Very little evaporation takes place in the absence of wind. Strong warm, dry winds usually provide the ideal amount of energy to evaporate moisture from the snow surface.

Source -


The physical process by which excess water vapor becomes a liquid or solid. Condensation can be seen in the formation of surface hoar. Condensation releases latent heat into the snow. Latent heat is the energy supplied or extracted to change the state of a substance without changing its temperature.

During the formation of surface hoar this additional latent heat maintains the temperature difference between the snow surface and the atmosphere high enough to allow the formation of snow crystals.

The air temperature just above the snow surface needs to be relatively warm, around 10°C warmer or more, compared to the snow (even though the air is often still quite cold). Surface hoar forms best on open, flat terrain. Trees or rocks can provide a warming effect reducing the temperature gradient.

Surface hoar on its own is not an issue, but subsequent burial can lead to the formation of an unstable layer. 


There are two forms of radiation. Shortwave (visible light) and longwave (infrared light). Shortwave is directly from the sun and longwave is the radiation emitted as heat generated from the absorption of shortwave radiation.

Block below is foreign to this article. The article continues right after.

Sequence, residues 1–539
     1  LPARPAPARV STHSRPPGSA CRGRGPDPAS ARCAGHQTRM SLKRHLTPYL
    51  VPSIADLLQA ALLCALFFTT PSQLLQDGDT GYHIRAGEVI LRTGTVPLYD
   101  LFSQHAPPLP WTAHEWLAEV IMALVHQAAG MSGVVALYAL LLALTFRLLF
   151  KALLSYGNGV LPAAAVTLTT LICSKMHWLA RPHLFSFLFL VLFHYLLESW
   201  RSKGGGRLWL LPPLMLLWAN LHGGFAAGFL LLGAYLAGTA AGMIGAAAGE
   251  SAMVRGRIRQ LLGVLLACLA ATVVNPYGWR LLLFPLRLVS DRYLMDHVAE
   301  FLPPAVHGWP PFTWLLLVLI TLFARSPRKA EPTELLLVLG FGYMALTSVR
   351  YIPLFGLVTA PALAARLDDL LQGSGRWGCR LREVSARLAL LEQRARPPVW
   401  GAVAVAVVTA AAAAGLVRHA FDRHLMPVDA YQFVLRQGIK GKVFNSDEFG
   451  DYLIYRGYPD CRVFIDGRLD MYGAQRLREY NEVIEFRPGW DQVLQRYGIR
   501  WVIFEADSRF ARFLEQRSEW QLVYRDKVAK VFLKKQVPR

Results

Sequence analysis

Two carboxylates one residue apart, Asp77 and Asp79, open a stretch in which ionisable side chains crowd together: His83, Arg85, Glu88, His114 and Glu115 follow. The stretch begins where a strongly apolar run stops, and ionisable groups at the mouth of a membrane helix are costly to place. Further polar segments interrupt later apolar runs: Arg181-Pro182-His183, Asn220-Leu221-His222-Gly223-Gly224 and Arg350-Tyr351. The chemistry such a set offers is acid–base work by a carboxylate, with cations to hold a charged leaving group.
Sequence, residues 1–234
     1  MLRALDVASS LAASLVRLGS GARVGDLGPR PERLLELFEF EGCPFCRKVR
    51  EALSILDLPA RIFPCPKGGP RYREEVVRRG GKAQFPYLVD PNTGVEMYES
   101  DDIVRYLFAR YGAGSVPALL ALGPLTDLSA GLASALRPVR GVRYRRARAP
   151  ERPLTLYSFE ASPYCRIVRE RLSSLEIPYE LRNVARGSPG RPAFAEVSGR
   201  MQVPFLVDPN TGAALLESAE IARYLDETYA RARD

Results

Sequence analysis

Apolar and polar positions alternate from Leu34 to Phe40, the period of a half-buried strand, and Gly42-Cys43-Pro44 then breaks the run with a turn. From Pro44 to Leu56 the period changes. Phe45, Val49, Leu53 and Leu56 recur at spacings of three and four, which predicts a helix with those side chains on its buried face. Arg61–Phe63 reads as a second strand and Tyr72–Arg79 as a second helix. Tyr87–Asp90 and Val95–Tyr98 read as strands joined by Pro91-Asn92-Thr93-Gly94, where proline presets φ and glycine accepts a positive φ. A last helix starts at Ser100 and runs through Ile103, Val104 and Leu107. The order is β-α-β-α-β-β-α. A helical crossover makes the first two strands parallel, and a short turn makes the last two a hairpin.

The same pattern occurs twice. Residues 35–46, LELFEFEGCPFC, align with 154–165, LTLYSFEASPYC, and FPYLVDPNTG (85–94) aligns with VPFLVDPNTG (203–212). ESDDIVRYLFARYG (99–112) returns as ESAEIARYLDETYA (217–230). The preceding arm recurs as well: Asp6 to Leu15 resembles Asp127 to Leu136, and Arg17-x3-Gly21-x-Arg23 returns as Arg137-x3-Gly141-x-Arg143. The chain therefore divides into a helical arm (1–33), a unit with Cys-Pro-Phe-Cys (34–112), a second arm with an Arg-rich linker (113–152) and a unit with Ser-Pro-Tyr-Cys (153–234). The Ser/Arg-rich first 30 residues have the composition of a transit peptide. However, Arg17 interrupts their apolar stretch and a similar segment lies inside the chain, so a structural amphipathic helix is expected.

Greenhouse gases in the atmosphere (such as water vapor and carbon dioxide) absorb most of the Earth's emitted longwave infrared radiation, which heats the lower atmosphere. In turn, the warmed atmosphere emits longwave radiation, some of which radiates toward the Earth's surface, keeping our planet warm and generally comfortable. Increasing concentrations of greenhouse gases such as carbon dioxide and methane increase the temperature of the lower atmosphere by restricting the outward passage of emitted radiation, resulting in "global warming," or, more broadly, global climate change.

New snow - Reflects 80-90% of the incoming short-wave radiation. Therefore, fresh snow has a high albedo of .95. This creates a cooling action as the residual heat is reflected back into the atmosphere and radiative cooling occurs with the release of long-wave radiation with nothing to store it near the surface of the snow. This is especially true on clear nights. No clouds to act as insulators. Evaporation and sublimation from the snow provide extra cooling. Snow is also a good insulator, thus warmth within the soil is kept from warming the air above the ground. 

Old snow - Reflects 50% of the incoming short-wave radiation. 

Ice - Reflects 15% to 35% of the incoming short-wave radiation.

As the amount of reflection reduces, the snow will increasingly heat up as it reflects more longwave radiation.

Solar heating of the snow surface can occur throughout the season especially on southerly slopes in the late season during the day or cloudy nights if the atmosphere below the clouds is warmer than the snow. Surface wet instabilities can form as the bonding between layers weakens. Single point releases leading to the production of rollerballs, pinwheels or sun-wheels are an indicator of surface instabilities that can lead to more widespread avalanche risk. 

Source: istock